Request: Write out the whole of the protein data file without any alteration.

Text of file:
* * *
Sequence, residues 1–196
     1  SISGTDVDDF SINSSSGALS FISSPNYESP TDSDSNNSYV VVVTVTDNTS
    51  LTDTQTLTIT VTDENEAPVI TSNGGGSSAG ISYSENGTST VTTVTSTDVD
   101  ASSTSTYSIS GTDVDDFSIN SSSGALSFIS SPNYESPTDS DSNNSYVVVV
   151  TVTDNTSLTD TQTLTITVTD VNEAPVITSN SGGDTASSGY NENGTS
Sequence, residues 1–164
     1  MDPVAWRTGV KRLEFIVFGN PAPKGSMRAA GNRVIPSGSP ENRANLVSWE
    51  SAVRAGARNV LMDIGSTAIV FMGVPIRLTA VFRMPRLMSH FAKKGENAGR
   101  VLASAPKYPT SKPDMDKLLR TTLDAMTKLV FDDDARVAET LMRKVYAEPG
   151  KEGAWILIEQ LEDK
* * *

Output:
Sequence, residues 1–196
     1  SISGTDVDDF SINSSSGALS FISSPNYESP TDSDSNNSYV VVVTVTDNTS
    51  LTDTQTLTIT VTDENEAPVI TSNGGGSSAG ISYSENGTST VTTVTSTDVD
   101  ASSTSTYSIS GTDVDDFSIN SSSGALSFIS SPNYESPTDS DSNNSYVVVV
   151  TVTDNTSLTD TQTLTITVTD VNEAPVITSN SGGDTASSGY NENGTS
Sequence, residues 1–164
     1  MDPVAWRTGV KRLEFIVFGN PAPKGSMRAA GNRVIPSGSP ENRANLVSWE
    51  SAVRAGARNV LMDIGSTAIV FMGVPIRLTA VFRMPRLMSH FAKKGENAGR
   101  VLASAPKYPT SKPDMDKLLR TTLDAMTKLV FDDDARVAET LMRKVYAEPG
   151  KEGAWILIEQ LEDK